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Perspectives on empirical approaches for ocean color remote sensing of chlorophyll in a changing climate
Heidi M. Dierssen
Proceedings of the National Academy of Sciences of the United States of America
Vol. 107, No. 40 (October 5, 2010), pp. 17073-17078
Published by: National Academy of Sciences
Stable URL: http://www.jstor.org/stable/20779919
Page Count: 6
You can always find the topics here!Topics: Oceans, Phytoplankton, Chlorophylls, Backscattering, Seas, Remote sensing, Artificial satellites, Sea water, Light water, Plankton
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Phytoplankton biomass and productivity have been continuously monitored from ocean color satellites for over a decade. Yet, the most widely used empirical approach for estimating chlorophyll a (Chl) from satellites can be in error by a factor of 5 or more. Such variability is due to differences in absorption and backscattering properties of phytoplankton and related concentrations of colored-dissolved organic matter (CDOM) and minerals. The empirical algorithms have built-in assumptions that follow the basic precept of biological oceanography —namely, oligotrophic regions with low phytoplankton biomass are populated with small phytoplankton, whereas more productive regions contain larger bloom-forming phytoplankton. With a changing world ocean, phytoplankton composition may shift in response to altered environmental forcing, and CDOM and mineral concentrations may become uncoupled from phytoplankton stocks, creating further uncertainty and error in the empirical approaches. Hence, caution is warranted when using empirically derived Chl to infer climate-related changes in ocean biology. The Southern Ocean is already experiencing climatic shifts and shows substantial errors in satellite-derived Chl for different phytoplankton assemblages. Accurate global assessments of phytoplankton will require improved technology and modeling, enhanced field observations, and ongoing validation of our "eyes in space."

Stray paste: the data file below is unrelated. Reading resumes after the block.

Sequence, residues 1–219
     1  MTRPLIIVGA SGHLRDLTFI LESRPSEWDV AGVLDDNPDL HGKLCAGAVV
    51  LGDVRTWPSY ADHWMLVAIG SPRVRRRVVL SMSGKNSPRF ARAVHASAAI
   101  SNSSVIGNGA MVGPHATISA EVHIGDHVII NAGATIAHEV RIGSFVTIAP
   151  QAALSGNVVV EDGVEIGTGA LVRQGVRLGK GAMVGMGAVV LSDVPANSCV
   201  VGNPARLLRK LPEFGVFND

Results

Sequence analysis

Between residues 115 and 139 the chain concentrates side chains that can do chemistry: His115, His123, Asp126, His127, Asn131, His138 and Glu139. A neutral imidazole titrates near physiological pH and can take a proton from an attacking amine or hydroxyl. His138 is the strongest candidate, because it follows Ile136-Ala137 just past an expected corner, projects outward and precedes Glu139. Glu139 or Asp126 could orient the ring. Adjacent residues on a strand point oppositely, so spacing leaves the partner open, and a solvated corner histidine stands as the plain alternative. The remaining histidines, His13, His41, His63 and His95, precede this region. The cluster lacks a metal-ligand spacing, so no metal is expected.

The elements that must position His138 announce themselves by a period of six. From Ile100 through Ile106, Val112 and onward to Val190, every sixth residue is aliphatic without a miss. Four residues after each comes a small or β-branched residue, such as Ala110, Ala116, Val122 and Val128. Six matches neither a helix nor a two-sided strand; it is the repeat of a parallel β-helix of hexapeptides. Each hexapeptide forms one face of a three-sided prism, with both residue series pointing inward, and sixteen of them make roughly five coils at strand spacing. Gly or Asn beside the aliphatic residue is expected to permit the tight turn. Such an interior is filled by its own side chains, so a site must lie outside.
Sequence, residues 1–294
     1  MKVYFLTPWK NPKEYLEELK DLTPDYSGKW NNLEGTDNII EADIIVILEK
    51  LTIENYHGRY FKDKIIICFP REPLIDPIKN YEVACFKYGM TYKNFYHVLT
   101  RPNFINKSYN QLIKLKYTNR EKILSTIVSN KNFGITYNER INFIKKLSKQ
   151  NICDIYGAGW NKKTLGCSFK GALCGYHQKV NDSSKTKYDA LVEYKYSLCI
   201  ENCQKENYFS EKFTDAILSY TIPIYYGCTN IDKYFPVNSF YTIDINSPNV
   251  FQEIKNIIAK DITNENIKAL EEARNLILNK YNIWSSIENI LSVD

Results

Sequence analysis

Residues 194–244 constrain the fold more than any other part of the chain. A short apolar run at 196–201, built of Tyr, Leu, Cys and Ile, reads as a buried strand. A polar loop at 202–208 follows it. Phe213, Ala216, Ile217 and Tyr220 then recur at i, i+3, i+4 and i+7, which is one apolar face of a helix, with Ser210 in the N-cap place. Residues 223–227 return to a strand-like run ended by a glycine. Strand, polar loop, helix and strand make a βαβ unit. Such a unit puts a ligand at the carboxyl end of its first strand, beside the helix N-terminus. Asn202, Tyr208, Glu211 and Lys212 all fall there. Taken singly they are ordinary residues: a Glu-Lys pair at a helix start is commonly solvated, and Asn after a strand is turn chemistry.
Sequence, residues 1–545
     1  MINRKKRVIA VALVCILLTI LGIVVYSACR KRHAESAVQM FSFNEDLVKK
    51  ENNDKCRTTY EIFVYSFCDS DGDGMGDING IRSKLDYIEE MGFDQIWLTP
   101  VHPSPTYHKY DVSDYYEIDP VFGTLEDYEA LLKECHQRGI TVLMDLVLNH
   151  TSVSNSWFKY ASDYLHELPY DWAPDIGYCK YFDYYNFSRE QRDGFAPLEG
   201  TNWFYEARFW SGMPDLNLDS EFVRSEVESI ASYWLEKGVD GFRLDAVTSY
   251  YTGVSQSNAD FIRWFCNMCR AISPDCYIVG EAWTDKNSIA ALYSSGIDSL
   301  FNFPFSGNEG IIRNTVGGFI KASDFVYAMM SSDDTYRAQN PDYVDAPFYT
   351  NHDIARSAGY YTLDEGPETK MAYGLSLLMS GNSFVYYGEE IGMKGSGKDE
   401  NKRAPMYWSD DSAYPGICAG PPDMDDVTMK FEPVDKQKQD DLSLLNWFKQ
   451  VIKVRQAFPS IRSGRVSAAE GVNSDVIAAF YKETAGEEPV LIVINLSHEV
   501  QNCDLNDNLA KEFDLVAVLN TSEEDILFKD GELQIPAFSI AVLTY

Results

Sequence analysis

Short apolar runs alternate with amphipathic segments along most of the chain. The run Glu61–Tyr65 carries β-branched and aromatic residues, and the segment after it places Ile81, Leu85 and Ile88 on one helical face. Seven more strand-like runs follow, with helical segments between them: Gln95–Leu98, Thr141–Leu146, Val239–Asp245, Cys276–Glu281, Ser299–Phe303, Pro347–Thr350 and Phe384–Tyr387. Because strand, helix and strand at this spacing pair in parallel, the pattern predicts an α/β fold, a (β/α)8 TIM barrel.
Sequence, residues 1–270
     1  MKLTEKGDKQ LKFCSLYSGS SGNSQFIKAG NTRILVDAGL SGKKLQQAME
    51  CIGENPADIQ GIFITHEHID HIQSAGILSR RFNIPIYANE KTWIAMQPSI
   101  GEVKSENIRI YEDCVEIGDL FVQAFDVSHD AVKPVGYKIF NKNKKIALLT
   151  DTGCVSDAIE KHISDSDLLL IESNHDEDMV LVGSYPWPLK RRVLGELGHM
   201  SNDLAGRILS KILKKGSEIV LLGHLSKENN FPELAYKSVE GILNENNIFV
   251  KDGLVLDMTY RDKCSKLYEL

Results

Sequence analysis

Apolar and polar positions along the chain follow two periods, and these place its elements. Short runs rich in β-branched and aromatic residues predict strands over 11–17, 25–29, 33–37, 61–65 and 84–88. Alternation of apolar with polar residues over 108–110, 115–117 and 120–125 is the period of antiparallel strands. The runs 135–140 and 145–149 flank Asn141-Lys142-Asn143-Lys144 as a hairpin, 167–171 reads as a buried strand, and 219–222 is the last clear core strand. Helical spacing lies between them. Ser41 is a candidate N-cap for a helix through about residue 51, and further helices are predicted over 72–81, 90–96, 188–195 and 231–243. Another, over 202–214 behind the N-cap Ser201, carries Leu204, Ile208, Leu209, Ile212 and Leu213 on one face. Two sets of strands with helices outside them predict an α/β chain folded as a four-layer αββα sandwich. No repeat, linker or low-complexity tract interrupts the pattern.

Proceedings of the National Academy of Sciences of the United States of America © 2010 National Academy of Sciences